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Ken Clarke has ‘questions to address’ over infected blood scandal, says minister

Lord Ken Clarke gave evidence during the Infected Blood Inquiry (Infected Blood Inquiry/PA)
Lord Ken Clarke gave evidence during the Infected Blood Inquiry (Infected Blood Inquiry/PA)

There are questions over the contaminated blood scandal that former health secretary Lord Ken Clarke needs to address, a Cabinet minister has said.

It comes after the final report of the Infected Blood Inquiry accused Lord Clarke of “misleading” the public and attacked his “combative style” when he gave oral evidence to the probe.

Campaigners have demanded an apology from the Tory former minister amid calls for him to lose his peerage.

Asked if he feels Lord Clarke has questions to answer, Work and Pensions Secretary Mel Stride told Sky News: “There are clearly questions that are being posed, very serious questions, and to that degree indeed there are questions that need to be addressed.”

He also said stripping Lord Clarke of his peerage is a matter for the forfeiture committee.

Infected Blood inquiry
The Infected Blood Inquiry’s final report was published on Monday (Tracey Croggon/Infected Blood Inquiry/PA)

Mr Stride told the broadcaster: “I think some have been calling for his knighthood to be removed. That’s a matter for the forfeiture committee, not for Government or me really, I think, to opine on that level.

“Those are matters that traditionally are dealt with in a different way.

“I recognise that there are many people in many groups of people that have come out of this report very badly. There are recommendations over and above compensation that the report makes and, of course, the Government will look very closely at those recommendations and have more to say in due course.”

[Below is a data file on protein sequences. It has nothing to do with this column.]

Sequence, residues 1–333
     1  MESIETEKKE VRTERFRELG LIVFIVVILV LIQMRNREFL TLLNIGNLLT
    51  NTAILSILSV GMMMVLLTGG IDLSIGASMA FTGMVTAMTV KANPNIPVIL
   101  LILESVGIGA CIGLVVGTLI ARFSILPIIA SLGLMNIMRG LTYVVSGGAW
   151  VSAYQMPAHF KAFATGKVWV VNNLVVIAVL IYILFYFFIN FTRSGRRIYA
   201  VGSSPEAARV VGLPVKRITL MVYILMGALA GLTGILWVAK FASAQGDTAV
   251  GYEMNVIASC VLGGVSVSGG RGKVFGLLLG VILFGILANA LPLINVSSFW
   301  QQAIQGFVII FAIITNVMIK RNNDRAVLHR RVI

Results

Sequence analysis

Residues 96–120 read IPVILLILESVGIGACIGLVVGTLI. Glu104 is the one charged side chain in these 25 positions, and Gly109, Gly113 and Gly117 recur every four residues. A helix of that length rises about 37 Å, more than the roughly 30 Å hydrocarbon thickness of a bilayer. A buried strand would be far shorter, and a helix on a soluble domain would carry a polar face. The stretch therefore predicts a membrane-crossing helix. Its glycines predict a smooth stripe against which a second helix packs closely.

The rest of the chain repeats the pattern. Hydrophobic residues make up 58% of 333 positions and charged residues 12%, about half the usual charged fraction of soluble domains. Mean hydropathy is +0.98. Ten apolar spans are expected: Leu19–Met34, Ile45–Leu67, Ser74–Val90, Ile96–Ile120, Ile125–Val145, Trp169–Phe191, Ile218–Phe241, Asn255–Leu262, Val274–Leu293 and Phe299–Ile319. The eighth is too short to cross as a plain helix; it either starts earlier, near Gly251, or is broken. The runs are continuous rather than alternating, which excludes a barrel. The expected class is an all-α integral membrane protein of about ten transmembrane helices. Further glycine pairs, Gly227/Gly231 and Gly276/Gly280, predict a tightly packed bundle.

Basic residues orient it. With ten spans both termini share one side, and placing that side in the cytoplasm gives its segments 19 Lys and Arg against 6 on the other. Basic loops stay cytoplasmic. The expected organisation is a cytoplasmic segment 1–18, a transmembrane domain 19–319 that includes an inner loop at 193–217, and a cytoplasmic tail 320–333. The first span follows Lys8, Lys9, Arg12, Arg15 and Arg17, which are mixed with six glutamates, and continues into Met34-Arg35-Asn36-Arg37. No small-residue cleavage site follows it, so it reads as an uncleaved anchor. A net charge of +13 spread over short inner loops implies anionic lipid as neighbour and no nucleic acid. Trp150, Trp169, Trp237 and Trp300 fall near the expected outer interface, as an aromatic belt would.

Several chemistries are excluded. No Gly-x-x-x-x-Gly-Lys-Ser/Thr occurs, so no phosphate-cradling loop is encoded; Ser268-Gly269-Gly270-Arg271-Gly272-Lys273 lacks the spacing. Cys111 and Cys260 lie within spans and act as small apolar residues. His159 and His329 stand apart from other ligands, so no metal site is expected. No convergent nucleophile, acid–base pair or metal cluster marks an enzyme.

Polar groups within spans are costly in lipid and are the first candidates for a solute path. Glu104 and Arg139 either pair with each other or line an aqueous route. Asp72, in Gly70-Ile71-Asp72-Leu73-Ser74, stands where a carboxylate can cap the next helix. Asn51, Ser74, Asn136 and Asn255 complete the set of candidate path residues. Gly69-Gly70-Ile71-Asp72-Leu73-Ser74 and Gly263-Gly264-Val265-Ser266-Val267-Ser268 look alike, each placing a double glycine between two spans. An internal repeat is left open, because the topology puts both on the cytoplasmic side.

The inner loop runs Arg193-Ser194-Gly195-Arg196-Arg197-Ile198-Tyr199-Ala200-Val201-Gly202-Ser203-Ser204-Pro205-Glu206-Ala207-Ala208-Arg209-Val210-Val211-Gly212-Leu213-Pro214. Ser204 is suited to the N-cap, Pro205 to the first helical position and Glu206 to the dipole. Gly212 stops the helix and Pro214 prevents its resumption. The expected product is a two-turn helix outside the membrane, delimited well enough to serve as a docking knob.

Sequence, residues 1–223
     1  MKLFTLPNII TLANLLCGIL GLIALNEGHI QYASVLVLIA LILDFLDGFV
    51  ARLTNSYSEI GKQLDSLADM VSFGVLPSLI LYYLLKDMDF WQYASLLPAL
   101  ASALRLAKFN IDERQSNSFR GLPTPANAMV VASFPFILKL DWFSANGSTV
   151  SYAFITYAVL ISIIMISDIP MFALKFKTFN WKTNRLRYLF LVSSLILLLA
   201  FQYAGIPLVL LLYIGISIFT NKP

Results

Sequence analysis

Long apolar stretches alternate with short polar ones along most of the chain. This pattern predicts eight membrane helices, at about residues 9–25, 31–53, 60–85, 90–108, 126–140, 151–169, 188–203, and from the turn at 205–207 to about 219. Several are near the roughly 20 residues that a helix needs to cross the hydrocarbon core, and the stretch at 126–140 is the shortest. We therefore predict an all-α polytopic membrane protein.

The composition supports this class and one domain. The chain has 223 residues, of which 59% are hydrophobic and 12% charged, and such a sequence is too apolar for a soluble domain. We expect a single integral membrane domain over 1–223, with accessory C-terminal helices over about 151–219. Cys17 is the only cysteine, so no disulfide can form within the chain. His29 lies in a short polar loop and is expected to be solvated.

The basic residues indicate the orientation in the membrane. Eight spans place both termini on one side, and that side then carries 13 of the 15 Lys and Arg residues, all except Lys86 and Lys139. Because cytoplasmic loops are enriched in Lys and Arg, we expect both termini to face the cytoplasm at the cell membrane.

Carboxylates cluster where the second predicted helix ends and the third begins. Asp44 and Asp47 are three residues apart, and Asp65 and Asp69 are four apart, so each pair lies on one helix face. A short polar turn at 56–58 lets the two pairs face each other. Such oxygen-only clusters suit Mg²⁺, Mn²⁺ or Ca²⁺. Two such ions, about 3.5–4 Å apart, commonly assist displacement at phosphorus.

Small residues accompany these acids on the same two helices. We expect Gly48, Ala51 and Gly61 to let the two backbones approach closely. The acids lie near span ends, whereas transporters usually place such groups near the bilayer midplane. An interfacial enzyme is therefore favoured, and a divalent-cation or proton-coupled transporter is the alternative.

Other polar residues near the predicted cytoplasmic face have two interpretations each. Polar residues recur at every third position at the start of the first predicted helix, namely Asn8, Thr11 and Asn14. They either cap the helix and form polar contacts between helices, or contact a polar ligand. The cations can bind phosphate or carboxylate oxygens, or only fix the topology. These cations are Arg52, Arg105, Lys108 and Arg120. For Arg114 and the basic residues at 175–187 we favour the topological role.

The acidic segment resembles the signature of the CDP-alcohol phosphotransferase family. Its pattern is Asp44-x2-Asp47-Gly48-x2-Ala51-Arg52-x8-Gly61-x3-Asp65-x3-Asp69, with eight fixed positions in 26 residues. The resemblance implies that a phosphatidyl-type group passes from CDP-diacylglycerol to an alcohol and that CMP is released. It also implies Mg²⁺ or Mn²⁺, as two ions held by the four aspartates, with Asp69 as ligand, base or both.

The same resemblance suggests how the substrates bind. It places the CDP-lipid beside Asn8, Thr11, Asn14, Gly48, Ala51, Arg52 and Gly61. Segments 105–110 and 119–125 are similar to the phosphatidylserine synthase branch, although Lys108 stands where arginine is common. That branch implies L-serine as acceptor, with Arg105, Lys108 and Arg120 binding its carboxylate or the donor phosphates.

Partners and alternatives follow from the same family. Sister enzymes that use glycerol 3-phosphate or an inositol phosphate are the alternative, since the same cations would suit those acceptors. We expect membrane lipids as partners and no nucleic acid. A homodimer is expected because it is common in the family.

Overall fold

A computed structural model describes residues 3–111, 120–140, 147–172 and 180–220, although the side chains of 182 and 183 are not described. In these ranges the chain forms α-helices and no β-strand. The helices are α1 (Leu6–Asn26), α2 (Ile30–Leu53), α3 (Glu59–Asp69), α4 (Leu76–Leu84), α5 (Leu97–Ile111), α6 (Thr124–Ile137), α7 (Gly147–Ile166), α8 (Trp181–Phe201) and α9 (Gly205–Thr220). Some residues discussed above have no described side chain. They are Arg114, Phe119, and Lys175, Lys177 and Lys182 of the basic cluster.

He told LBC: “Sir Brian (Langstaff, inquiry chairman) has come forward with some very strong observations of Ken, in the context of the scandal. Clearly there are questions that I’ve no doubt Ken will be addressing in time.”

Clive Smith, chairman of The Haemophilia Society, who is a qualified barrister, said on Monday: “I think he owes the community an apology, not just for his time as health secretary but for the manner and the lack of humanity and compassion that he showed when he gave evidence to this inquiry.”

He told LBC Radio on Tuesday that the former minister gave evidence which was “breathtaking in the extreme”.

Asked if Lord Clarke should stay in position in the House of Lords, he said: “We wrote to the Upper House when it was suggested that he was going to get a peerage, saying ‘Please don’t do that yet, wait until the Infected Blood Inquiry has reported’.

“Now we have the conclusions of the Infected Blood Inquiry report, I think our letter was well-timed and entirely accurate.

“The way in which he gave his evidence (to the inquiry) was appalling.”

In 1983, an Aids leaflet was published alongside a press release in which Lord Clarke said: “It has been suggested that Aids may be transmitted in blood or blood products. There is no conclusive proof that this is so.”

That line was repeated over several years.

Sir Brian Langstaff at the Infected Blood Memorial
Sir Brian Langstaff at the Infected Blood Memorial (Big T Images/Infected Blood Inquiry/PA)

Inquiry chairman Sir Brian Langstaff said in his report on Monday: “This line to take, whilst technically correct, was indefensible. It did not spell out the real risk. It gave false reassurance.

“It lacked candour and, by not telling the whole truth, was misleading.

“It was not an accurate reflection of the (Department of Health’s) actual understanding, which was that it was likely that Aids was transmitted through blood and blood products.

“No minister challenged the ‘no conclusive proof’ line. They should have done.”

In the 1980s, the government decided against any form of compensation to people infected with HIV, with then-health minister Lord Clarke saying there would be no state scheme to compensate those suffering “the unavoidable adverse effects” of medical procedures.

It will be up to individuals named in the inquiry to respond on their own behalf, Downing Street said, when asked about criticism faced by Lord Clarke.

The Prime Minister’s official spokesman said: “When it comes to individuals and groups who are named in the report, the report is obviously incredibly wide-ranging and names a number of groups and individuals.

“It will be up to individuals to respond rather than me.

“We will obviously, from our part, be taking forward the recommendations both on compensation and looking at the wider recommendations meticulously and responding as soon as possible.”

Lord Clarke has been contacted for comment.